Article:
The EPICTidal project team has conducted rotor blade performance assessment using a submersible tidal turbine test rig in the hydrodynamic test tank at Haslar Marine Technology Park.
The team, consisting of Lab-Sea-Systems’ Florent Trarieux, Cranfield University’s Joao Amaral-Teixeira and Nick Barlow, the Managing Director of UK-based blade design and manufacturing company Designcraft, conducted the tests in December 2017.
The researchers wanted to know the performance implications of employing lower cost methods for the manufacture of large scale tidal turbine rotors, according to transducer specialist Applied Measurements, which provided DDEN load cells that were incorporated in the test rig.
The rotor blade design to be tested was coupled to the tidal turbine test rig and placed in a state-of-the-art test tank, where the team was able to increase the size, flow rate and turbulence levels within the tank.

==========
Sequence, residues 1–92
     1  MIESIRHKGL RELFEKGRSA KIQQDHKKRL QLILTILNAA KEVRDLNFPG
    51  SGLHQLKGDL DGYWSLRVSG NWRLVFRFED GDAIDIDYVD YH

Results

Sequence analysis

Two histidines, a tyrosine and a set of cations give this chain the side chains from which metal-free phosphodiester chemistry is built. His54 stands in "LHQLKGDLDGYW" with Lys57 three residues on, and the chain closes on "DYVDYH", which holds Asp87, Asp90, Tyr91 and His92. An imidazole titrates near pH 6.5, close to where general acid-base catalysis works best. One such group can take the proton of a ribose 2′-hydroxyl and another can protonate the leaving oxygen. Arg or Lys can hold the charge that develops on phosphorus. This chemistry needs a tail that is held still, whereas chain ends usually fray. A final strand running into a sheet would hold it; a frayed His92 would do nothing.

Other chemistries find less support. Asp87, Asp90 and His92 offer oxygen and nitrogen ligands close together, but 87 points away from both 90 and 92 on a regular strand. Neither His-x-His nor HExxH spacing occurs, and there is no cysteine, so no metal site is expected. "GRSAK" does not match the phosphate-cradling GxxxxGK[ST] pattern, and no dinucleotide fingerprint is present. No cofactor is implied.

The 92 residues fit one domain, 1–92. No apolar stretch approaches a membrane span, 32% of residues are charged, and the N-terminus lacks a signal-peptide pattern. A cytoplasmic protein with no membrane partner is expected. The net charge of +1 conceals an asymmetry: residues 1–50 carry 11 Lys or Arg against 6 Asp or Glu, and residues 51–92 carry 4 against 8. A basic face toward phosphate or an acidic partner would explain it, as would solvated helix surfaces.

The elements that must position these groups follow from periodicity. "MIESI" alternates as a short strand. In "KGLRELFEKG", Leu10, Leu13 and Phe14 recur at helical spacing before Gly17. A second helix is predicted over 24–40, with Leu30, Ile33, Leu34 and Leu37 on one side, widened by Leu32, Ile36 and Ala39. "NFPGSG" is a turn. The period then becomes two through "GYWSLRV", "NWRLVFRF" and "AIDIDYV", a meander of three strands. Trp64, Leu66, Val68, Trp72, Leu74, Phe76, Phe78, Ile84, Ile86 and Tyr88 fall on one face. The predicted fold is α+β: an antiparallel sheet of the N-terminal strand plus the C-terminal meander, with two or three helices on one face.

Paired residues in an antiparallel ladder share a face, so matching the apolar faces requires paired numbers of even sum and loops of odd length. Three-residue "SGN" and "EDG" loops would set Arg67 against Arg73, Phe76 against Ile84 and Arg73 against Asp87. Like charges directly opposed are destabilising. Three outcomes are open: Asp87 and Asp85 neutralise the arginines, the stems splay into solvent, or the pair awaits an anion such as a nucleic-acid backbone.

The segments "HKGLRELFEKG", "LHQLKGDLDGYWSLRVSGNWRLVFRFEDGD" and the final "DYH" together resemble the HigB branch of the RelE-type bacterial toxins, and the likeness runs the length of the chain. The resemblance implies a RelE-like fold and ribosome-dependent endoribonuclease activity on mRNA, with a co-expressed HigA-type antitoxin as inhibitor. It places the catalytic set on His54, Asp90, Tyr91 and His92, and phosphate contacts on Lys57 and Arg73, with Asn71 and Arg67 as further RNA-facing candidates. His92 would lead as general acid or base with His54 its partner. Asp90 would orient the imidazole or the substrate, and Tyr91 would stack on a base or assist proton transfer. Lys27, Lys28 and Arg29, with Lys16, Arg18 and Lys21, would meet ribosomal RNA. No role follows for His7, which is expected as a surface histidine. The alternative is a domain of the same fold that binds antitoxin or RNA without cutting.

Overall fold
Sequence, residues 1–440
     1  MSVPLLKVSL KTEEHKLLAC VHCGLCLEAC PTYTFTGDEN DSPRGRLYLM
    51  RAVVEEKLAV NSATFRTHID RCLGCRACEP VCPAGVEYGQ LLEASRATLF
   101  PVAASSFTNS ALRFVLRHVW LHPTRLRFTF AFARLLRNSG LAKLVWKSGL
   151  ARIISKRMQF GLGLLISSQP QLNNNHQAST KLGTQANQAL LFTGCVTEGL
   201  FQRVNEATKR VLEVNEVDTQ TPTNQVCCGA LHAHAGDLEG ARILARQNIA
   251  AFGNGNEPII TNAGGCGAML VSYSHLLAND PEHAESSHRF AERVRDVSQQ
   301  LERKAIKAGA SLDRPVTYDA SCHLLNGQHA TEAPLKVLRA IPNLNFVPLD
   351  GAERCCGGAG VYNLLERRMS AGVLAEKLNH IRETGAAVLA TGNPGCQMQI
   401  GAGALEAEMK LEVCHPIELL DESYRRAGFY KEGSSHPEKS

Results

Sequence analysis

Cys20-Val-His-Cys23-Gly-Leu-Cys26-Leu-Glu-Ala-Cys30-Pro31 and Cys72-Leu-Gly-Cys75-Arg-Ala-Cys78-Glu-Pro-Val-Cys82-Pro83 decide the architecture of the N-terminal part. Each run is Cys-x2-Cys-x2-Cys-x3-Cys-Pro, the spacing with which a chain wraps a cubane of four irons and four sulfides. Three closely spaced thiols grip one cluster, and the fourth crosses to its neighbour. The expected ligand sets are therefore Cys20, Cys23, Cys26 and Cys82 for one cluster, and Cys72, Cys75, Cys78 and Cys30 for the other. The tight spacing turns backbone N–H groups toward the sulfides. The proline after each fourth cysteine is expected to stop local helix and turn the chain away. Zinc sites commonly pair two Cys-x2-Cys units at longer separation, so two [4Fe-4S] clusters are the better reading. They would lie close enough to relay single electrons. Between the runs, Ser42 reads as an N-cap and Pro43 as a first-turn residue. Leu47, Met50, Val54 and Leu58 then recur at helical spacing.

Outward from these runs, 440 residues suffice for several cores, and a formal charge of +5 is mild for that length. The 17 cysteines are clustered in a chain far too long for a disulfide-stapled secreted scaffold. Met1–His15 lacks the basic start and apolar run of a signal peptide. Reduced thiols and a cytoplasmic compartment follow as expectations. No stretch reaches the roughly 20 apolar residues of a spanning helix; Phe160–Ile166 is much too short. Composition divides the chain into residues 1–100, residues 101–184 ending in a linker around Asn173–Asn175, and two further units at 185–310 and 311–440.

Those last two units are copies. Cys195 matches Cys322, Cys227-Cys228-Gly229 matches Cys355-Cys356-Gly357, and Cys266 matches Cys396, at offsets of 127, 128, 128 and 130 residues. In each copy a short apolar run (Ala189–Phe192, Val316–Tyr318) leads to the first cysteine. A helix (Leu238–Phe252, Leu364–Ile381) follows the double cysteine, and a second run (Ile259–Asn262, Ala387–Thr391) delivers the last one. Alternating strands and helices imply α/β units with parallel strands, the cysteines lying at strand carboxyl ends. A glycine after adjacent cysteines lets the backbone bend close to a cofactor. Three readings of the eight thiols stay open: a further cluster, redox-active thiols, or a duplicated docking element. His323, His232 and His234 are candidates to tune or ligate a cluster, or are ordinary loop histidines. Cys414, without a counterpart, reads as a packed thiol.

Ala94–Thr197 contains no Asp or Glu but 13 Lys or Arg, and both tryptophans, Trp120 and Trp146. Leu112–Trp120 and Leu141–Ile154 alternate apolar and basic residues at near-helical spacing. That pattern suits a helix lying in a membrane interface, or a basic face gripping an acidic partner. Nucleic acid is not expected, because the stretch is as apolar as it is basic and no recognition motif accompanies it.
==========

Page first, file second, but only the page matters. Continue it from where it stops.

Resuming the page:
The first DDEN load cell measured the torque and the other measured the thrust of the tidal rotor design, Applied Measurements said.
The testing was performed as part of the ongoing EPIC tidal project, standing for ‘Establishing the performance implications of employing lower cost methods for the manufacture of large scale tidal turbine rotors.’
The project, part-funded by a grant from Innovate UK, will seek to assess the performance implications of adopting new cost-effective manufacturing processes for large diameter horizontal axis tidal turbines.
The aim is to significantly reduce the cost of these key components thus widening access to this clean renewable power generation technology – not only in the UK tidal energy market, but in developing countries which possess exploitable tidal energy resources as well.